Please be a champion for kids

RoxHappy Monday!  Worthington was off school last Monday to celebrate the Martin Luther King, Jr. holiday.  Angie Adrean (our Chief Academic Officer) and I were able to attend the City of Worthington’s Community Celebration.  It was a great opportunity to see our Worthington students perform and to reflect on the meaning of the day.

Worthington Academy and Phoenix Middle School Principal Adham Schirg reflected on the day in his communication with families.  I thought Adham’s words were poignant and worth sharing broadly:

“Teaching and learning about the Civil Rights Movement has always been a passion of mine.  It was my favorite unit of study as both a student and teacher.  Learning about influential figures and key events excited my interest and curiosity.  People like Martin Luther King, Jr., Malcolm X, Medgar Evers and Rosa Parks and events such as Brown vs Board of Education and The Little Rock Nine, and the passage of the Civil Rights Act of 1964 have influenced the course of American social history.

In addition to learning about the 1960’s and the Civil Rights Movement, my parents experienced it firsthand.  I was always able to pick their brain about their personal experiences which brought this era to life in ways that other historical eras could not be understood.  I think the tragedy, triumph and shaping of the American experience during the Civil Rights era attracted me to it.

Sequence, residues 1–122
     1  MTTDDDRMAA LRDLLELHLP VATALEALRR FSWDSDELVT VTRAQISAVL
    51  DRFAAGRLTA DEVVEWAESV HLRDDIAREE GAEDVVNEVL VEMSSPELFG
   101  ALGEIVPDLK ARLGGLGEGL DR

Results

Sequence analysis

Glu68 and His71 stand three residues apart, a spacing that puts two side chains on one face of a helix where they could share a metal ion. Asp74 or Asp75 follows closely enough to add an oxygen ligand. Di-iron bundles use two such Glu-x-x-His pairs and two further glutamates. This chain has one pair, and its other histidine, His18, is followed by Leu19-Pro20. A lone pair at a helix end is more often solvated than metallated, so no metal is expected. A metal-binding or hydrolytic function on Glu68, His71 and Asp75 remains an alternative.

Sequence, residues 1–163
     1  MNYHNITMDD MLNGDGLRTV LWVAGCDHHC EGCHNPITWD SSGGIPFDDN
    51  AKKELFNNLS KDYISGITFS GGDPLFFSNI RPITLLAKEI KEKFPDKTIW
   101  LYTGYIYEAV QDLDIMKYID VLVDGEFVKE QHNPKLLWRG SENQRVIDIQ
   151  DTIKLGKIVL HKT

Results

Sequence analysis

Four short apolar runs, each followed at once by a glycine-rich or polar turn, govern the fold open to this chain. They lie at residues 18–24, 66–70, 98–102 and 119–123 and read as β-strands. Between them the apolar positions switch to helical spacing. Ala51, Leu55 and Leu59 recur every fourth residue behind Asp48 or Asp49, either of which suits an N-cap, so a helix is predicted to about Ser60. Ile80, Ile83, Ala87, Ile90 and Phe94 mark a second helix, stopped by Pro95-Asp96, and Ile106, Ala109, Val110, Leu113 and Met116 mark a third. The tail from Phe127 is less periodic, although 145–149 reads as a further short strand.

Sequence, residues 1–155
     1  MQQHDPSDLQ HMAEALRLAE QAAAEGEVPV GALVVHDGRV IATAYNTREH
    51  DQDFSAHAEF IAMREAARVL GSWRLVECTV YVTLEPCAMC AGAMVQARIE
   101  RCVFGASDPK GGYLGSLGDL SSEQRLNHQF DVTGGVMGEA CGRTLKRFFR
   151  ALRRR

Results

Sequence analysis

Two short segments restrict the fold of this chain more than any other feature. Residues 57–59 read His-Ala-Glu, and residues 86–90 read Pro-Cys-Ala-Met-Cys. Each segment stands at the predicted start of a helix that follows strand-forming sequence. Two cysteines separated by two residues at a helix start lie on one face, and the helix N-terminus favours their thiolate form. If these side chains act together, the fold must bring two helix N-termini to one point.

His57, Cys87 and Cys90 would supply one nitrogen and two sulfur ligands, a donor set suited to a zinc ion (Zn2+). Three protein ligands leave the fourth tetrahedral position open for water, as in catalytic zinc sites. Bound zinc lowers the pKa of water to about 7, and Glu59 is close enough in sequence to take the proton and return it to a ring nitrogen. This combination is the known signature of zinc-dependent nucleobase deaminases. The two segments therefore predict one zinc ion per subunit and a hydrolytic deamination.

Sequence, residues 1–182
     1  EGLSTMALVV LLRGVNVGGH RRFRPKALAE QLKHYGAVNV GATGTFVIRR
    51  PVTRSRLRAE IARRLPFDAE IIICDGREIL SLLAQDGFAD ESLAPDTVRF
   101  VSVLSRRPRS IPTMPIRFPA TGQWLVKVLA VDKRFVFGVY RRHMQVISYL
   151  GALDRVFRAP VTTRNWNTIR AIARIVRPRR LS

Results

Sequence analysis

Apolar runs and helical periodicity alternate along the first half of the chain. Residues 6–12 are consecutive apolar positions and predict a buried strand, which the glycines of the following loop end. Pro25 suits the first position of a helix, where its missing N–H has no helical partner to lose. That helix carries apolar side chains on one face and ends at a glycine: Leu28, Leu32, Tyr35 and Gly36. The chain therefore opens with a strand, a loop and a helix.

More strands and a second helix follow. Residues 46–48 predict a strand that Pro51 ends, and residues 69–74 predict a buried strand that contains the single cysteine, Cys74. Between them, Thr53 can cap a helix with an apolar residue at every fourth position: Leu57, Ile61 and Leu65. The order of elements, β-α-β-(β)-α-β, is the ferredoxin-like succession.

Since I left the classroom several years ago, I have not been able to teach this unit of study.  However, it always resonates throughout my professional life.  Reflecting, I now understand I can never understand what many people experienced during this era of history.  I have never been discriminated against because of the color of my skin, my gender, or sexual orientation.  However, many of the people in my life had these experiences and continue to experience them.

The question I now have is how do I serve people experiencing social injustice in their lives?  Earlier this year, a colleague expressed his desire to be a champion for all kids.  He said ‘every person needs a champion, especially kids’.  I agree with this sentiment.  Every person needs a champion, an advocate, a mentor and an empathetic ear.  Try to understand before being understood and then fight for each other, especially the most vulnerable.  Reflecting on the Martin Luther King, Jr. holiday and the transformational lessons of our collective past, please be a champion for our kids, our community, and the most vulnerable.  They all deserve it and it will be worth it!”


-Trent Bowers, Superintendent


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